Some form of a valued-added tax is now in use in 50 countries around the world, including most of America's major trading partners.
A VAT is often referred to as a type of sales tax. But unlike the retail sales tax that many states impose, a VAT is typically levied at each stage of production and marketing.
The government seeks to tax a percentage of the extra value added as a product proceeds to the store shelves. For example, the sale of grain by the farmer would be taxed, the flour made from the grain would be taxed and so would the bread produced from the flour.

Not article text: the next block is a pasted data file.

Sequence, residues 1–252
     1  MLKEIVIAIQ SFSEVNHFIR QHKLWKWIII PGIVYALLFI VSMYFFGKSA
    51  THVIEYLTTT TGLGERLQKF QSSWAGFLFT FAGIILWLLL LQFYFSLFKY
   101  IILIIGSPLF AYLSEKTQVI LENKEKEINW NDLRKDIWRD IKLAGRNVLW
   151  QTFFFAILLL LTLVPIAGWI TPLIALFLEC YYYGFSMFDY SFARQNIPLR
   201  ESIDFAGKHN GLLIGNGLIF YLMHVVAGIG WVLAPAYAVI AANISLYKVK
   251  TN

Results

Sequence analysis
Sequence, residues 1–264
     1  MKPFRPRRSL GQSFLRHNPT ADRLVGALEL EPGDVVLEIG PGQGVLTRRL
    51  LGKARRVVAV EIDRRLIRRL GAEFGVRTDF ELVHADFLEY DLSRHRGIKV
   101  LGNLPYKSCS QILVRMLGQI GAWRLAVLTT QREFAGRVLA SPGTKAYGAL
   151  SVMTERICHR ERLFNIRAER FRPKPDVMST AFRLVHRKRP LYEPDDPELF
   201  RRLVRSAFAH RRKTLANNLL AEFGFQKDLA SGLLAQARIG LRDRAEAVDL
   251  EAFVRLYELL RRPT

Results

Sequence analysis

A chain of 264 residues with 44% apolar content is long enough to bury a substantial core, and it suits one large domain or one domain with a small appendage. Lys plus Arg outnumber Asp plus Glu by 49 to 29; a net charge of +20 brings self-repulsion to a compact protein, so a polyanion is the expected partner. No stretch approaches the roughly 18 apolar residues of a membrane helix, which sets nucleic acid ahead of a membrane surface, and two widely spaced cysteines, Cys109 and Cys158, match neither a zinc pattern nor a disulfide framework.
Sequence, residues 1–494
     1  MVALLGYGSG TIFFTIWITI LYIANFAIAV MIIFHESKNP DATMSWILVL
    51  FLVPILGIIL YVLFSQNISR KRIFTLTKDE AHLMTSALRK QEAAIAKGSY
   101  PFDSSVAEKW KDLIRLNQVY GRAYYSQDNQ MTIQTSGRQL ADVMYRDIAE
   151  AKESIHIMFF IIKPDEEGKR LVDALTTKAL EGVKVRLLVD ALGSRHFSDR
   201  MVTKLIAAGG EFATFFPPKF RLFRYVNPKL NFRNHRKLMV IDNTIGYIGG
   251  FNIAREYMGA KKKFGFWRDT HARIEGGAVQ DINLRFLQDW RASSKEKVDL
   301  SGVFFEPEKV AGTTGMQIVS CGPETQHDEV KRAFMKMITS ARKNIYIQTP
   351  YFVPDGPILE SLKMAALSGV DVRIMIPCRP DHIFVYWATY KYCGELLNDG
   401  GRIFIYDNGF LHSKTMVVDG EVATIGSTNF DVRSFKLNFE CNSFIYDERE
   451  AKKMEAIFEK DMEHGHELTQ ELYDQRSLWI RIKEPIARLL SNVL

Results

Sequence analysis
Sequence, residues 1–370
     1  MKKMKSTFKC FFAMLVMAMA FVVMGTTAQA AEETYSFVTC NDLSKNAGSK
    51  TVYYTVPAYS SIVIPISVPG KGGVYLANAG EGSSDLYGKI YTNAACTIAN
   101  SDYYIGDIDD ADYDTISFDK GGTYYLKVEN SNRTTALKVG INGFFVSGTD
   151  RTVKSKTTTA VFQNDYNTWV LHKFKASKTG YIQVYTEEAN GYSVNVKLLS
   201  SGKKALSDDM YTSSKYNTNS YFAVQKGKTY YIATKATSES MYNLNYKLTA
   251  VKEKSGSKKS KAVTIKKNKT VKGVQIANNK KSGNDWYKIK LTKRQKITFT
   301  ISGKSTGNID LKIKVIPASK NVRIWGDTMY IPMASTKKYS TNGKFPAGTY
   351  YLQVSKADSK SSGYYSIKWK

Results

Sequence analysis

By imposing the tax at each stage of the production process, it becomes buried in the price of the product and is far less visible to the consumer, who ultimately pays the tax.
Many countries, however, exclude food, housing and medical care from a VAT to lessen the regressive nature of the tax.
The Congressional Budget Office estimates that a 5% VAT excluding these items would raise $217 billion over four years.